Thousands of high school juniors starting today will put their skills to the test as they take — or retake — Utah's high school graduation exam.
This three-day round of the Utah Basic Skills Competency Test is for students who failed parts of the exam last February, or who for some reason sat out of it or didn't live here at the time.
Through Thursday, students will retake just more than 6,000 reading tests, just more than 12,000 math tests, and just more than 10,000 writing tests, the State Office of Education reported. Another 3,000 or so 11th graders also will be taking each of the test for the first time.
The competency test aims to hold schools more accountable for student achievement and tell employers that high school graduates can do basic writing and math tasks — a hot political topic in recent years.
But kids don't necessarily have to pass it to graduate from high school, state testing chief Judy Park said Monday.
"We want all students who have completed a certain level (of requirements) to graduate and receive a diploma of some type," Park said. "I think the law chose to take the middle ground, to say we value student achievement . . . but we also value the other parts of graduation which includes credits earned."
The competency test, created under a 1999 law, includes math, reading and writing sections. It first affects the class of 2006, or this year's juniors.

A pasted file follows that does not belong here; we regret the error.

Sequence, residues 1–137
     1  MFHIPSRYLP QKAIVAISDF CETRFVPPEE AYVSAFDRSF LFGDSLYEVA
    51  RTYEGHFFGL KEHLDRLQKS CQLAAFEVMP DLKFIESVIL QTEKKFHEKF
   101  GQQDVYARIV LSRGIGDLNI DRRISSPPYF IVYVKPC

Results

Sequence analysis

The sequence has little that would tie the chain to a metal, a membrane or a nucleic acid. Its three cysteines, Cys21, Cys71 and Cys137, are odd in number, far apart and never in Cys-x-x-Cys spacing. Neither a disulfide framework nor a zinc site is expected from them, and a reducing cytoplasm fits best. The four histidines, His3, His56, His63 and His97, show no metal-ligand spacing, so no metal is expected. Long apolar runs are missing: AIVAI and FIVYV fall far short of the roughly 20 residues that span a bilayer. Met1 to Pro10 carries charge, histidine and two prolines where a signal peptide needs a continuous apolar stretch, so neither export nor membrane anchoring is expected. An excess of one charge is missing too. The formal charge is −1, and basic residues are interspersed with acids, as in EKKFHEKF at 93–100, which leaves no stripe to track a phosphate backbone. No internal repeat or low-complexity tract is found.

Beginning the winter of their sophomore year, students can take each part of the test up to five times until they pass it. Test questions are different each exam, but cover the same concepts.
Students passing all sections and completing other graduation requirements earn a basic high school diploma, Park said.
Those who show they have attempted each section at least three times, and complete all other graduation requirements, can earn an alternative diploma and still be considered a high school graduate.
"That is the biggest misunderstanding we're finding throughout the state. Students can graduate from high school . . . but in order to receive the one called a basic diploma, they must pass all sections," said Park. She added that employers can ask applicants to say which diploma they've earned. "Both diplomas are a high school diploma and a graduation from high school."
Those who do fail to meet either benchmark can receive a certificate of high school completion.
Last February, 67 percent of the class of 2006 passed the math test, 83 percent passed the reading exam, and 72 percent passed the writing portion.
State and local school districts are working to help students — for example, the State Board of Education is asking lawmakers for $10.1 million to help strugglers and better prepare students for the test.
The Utah Electronic High School last month set up a free course to help kids prepare for the competency test, complete with practice tests and tutorials. About 2,000 students had signed up as of a few weeks ago, State Office of Education spokesman Mark Peterson said.
Schools in several Wasatch Front districts offer brush-up classes and tutoring for the competency test.
But not all kids need prep courses or serious help — some just need to take the test seriously.
Salt Lake City School District has passed out fliers with football tickets and broadcast announcements at homecoming events to let people know the test actually counts, district spokesman Jason Olsen said. Officials also have called parents of some students who failed the test last winter to get them interested in taking a refresher course.